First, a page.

Being converters since the 1960’s we’ve seen all sorts of adhesive fastener technology. And over that time period we’ve seen at least ten times as many unique applications.
In an ideal world, the experts at Gleicher were part of the team choosing the solution components and cutting techniques so that the finished fastener handled the job and performed well in operating conditions. Unfortunately, that’s not always the case.
Every day we get a call from a Product Engineer after the initial solution has failed on one or more dimensions. So we thought we would share how we take a step back and go over the decision tree. Here are some of our first questions:
1. Exactly what adhesives did you test so far?
There are all sorts of acrylics adhesives engineered for all sorts of application. You already realize this and thought you had chosen the right acrylic, but it’s failing. So it’s back to the drawing board to start over exploring the options.
What’s the chemistry of the adhesive you’ve tried? Do you have a data page on your chosen adhesive and are you sure the adhesives is a good match? When our phone rings it’s because It is decidedly not a good match, hence the problem. Often we find that the data page was never secured or was not read. There is a wealth of information about the use-case and limitations of use contained within these data sheets so you should always get one with every sample you test.
2. Did you plan and execute the correct surface preparation before affixing the adhesive?
Clean surface with isopropyl alcohol. 50:50 with water.
3. If you’re using PSA, did you measure the pressure applied?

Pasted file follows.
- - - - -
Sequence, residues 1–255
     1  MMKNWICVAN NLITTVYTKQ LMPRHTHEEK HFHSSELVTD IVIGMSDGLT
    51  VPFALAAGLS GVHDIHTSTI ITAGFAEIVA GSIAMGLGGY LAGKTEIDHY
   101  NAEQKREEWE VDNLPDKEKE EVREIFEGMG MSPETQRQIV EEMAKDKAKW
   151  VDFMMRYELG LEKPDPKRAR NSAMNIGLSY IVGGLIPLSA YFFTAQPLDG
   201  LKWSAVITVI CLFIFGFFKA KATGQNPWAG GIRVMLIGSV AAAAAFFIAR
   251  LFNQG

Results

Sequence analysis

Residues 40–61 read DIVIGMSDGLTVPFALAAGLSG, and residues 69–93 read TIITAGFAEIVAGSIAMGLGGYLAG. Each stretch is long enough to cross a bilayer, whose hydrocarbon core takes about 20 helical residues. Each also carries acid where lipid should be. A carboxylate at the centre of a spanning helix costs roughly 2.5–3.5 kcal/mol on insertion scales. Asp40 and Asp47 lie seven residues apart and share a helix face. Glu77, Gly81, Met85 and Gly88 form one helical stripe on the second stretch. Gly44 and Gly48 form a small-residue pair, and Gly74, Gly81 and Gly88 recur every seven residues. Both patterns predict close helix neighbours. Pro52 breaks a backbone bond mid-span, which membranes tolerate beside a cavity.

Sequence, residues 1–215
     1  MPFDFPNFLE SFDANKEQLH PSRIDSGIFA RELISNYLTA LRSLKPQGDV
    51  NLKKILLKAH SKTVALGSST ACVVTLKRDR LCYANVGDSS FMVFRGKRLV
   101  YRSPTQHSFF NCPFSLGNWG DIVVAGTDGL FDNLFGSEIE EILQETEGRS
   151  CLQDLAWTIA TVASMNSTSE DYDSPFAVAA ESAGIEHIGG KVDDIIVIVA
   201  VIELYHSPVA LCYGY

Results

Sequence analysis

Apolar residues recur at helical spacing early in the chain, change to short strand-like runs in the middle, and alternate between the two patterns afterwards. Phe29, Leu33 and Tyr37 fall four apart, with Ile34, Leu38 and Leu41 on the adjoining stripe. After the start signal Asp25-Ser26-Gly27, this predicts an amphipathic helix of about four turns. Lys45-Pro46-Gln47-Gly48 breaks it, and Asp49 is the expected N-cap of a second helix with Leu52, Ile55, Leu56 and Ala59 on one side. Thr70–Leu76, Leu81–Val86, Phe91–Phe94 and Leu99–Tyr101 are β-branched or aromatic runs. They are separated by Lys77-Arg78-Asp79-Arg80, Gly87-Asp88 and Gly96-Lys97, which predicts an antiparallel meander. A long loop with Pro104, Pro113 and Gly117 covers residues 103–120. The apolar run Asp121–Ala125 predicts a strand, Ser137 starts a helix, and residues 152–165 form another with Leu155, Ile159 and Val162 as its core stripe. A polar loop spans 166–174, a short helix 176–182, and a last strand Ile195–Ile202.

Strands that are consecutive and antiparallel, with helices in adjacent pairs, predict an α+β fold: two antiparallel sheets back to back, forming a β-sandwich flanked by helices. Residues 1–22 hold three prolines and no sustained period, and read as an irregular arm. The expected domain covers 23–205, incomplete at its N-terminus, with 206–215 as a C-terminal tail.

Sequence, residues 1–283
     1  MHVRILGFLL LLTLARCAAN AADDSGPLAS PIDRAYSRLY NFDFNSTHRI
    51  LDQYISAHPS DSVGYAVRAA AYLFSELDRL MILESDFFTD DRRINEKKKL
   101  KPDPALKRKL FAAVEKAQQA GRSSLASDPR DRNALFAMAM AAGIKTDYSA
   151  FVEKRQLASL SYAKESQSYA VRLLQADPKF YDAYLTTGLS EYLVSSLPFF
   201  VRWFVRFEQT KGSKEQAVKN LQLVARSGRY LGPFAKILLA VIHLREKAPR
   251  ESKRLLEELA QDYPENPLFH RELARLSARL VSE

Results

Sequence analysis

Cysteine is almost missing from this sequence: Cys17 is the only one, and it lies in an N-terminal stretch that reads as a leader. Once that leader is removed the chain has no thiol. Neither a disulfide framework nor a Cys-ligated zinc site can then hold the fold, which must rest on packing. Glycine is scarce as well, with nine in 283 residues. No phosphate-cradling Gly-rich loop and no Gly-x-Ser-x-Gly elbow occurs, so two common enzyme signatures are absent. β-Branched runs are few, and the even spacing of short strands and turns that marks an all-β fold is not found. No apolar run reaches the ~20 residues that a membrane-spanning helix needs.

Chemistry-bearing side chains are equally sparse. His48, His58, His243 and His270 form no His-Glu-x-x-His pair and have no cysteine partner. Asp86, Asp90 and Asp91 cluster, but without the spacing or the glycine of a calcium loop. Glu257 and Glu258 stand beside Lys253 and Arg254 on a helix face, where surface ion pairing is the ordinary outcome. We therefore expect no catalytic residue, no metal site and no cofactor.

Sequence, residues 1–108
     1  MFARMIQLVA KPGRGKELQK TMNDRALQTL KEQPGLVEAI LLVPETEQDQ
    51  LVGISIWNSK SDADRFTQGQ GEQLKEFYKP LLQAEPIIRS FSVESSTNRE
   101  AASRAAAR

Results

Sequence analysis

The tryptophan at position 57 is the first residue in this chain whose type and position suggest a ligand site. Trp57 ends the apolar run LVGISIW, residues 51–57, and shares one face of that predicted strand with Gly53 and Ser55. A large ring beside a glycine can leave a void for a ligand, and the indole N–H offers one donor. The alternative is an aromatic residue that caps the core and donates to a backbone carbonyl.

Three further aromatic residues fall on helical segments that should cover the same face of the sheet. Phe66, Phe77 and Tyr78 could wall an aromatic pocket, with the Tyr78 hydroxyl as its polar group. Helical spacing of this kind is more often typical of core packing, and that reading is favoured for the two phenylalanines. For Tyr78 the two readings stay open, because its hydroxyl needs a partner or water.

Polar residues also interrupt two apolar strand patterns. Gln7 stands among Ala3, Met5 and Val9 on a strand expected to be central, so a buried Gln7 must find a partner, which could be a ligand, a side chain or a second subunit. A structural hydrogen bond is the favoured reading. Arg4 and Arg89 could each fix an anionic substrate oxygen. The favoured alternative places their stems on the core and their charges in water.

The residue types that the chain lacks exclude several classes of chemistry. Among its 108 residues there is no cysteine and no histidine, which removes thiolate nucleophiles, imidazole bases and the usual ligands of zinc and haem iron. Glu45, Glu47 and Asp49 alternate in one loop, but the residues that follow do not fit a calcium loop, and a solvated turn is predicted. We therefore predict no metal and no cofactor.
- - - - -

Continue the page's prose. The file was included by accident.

For many PSA’s the rule of thumb is approximately 15 lbs pressure when you apply tape. To get full contact across the entire surface area you can use a straight edge of some sort, or a roller.
4. Is the tape thick enough to make good contact?
Tapes can be thick or could be thinner – the contact point will dictate. If you don’t really know the optimum thickness, that’s a good time to get your Converter involved. A careful review of the two things being joined will help narrow the options to the few that work best. It will be from that short list you can determine the one that meets the remaining functional requirements.
5. Did you allow enough set time?
Acrylic's takes time to build strength. If you put a load on an acrylic adhesive right away you could experience bond failure. You might have to use belt and suspenders approach. This “3rd hand” approach gives acrylic time to wet out.
6. What total weight do you need the bond to hold?
We sometimes find the failure is a mismatch where the weight to be held is too much for the tape. Pull tests at different weights will help you find out the limits of the solution you are testing.
7. Are there exposures to sunlight, heat or cold that could affect the bond line?
Getting things to work tight in lab conditions can be just half the testing. Real world exposures can affect the bond line in unexpected ways. Be sure to test the prototypes in real-world conditions and not only in the lab.
Try these seven tips to troubleshoot your adhesive failure. Or if you want to save the time and money of trial and error Ask Gleicher. Chances are we’ve seen it before…